Osteoporosis is a disease in which the bones lose mass, becoming thin and weak. Some bone loss is to be expected as part of the aging process, but with osteoporosis the bone loss is so severe that it causes bones to become porous, brittle, and likely to break. The disease affects 25 million Americans, mostly post-menopausal women.
What Are the Risk Factors for Osteoporosis?
A number of factors determine the risk of developing osteoporosis, including:
- Gender – Women have lighter, thinner bones than men.
- Age – With menopause, estrogen decreases resulting in a decrease in bone mass.
- Race – Caucasian and Asian women have 5 to 10% lower bone density than African-American women. The lighter the complexion, the higher the risk for osteoporosis. Women with very fair skin, freckles, and blond or reddish hair are at the highest risk for osteoporosis.
- Build – A smaller frame, or weaker bones, increases the risk for bone fracture. Overall muscle tone can play a role in the likelihood of experiencing a bone fracture.
- Age at Menopause – Early menopause causes reduced levels of estrogen over a longer period of time than when menopause occurs later.
- Heredity – Having a mother, grandmother, or sister with osteoporosis increases your risk.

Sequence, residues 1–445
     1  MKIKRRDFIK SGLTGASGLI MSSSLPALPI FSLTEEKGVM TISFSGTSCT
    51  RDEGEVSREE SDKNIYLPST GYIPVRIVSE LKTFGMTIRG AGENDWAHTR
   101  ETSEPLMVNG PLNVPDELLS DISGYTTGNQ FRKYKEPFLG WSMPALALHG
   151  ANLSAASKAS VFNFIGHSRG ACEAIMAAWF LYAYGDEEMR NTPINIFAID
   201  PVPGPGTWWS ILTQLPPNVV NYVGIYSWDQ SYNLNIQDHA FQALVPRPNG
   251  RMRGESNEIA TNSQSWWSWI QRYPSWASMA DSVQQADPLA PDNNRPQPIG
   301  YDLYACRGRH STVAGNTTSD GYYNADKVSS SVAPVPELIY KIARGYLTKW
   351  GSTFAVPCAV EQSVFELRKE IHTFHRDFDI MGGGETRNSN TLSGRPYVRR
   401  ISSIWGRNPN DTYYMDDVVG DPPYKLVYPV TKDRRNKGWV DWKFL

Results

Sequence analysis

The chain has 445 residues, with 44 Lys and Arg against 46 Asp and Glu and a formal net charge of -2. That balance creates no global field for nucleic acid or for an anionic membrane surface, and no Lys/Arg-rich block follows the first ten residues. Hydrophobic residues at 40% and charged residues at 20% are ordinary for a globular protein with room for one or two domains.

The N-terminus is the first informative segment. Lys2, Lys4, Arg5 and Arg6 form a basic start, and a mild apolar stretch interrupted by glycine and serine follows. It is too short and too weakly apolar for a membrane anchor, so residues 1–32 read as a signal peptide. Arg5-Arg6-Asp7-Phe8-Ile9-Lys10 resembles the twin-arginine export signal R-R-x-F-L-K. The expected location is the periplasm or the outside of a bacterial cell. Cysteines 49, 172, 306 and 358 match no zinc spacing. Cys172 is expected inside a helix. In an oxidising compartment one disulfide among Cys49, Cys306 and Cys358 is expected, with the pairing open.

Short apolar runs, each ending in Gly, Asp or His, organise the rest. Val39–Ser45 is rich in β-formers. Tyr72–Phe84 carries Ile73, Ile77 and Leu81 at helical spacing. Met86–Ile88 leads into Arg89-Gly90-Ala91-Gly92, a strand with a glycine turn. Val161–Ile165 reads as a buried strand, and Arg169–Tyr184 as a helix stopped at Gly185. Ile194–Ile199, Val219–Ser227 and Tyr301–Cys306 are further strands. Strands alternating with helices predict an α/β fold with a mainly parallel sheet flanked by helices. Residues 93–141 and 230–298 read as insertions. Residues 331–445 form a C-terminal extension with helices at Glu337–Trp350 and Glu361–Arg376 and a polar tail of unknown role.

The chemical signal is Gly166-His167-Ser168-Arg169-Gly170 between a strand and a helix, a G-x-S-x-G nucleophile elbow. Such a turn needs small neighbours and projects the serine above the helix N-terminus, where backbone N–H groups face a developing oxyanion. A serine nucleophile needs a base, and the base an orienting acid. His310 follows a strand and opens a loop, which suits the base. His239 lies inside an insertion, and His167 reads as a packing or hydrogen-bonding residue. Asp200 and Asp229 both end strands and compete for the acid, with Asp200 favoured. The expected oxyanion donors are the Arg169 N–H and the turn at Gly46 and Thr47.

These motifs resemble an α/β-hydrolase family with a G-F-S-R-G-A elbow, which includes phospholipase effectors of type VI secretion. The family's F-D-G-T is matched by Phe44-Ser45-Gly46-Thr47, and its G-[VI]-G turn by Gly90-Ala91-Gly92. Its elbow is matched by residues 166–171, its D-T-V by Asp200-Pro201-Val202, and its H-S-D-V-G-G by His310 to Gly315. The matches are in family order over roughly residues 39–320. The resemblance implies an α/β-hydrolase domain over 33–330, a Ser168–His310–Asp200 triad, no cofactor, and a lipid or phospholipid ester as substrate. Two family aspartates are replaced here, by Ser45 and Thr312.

- Medication use ? The use of steroids, diuretics, anti-convulsants will increase your risk for osteoporosis.
- Alcohol use and smoking – Both smoking and alcohol use are risk factors for osteoporosis.
- Medical conditions – Anorexia, Celiac disease, diabetes, chronic diarrhea, kidney or liver disease are risk factors for osteoporosis.
How Can I Prevent Osteoporosis?
- Exercise -Exercise increases bone mass before menopause resulting in a decrease in bone loss after menopause.
- Diet – Calcium intake is most important in three age groups. The earliest age group is from childhood through the mid-20’s when bones are growing at the fastest rate. Postmenopausal women experiencing rapid bone loss should monitor calcium intake. Calcium intake is also important in the elderly population.
- Hormone Replacement Therapy (HRT) – Replacing estrogen after menopause improves calcium absorption and has been shown to prevent osteoporosis in 70 to 80% of women.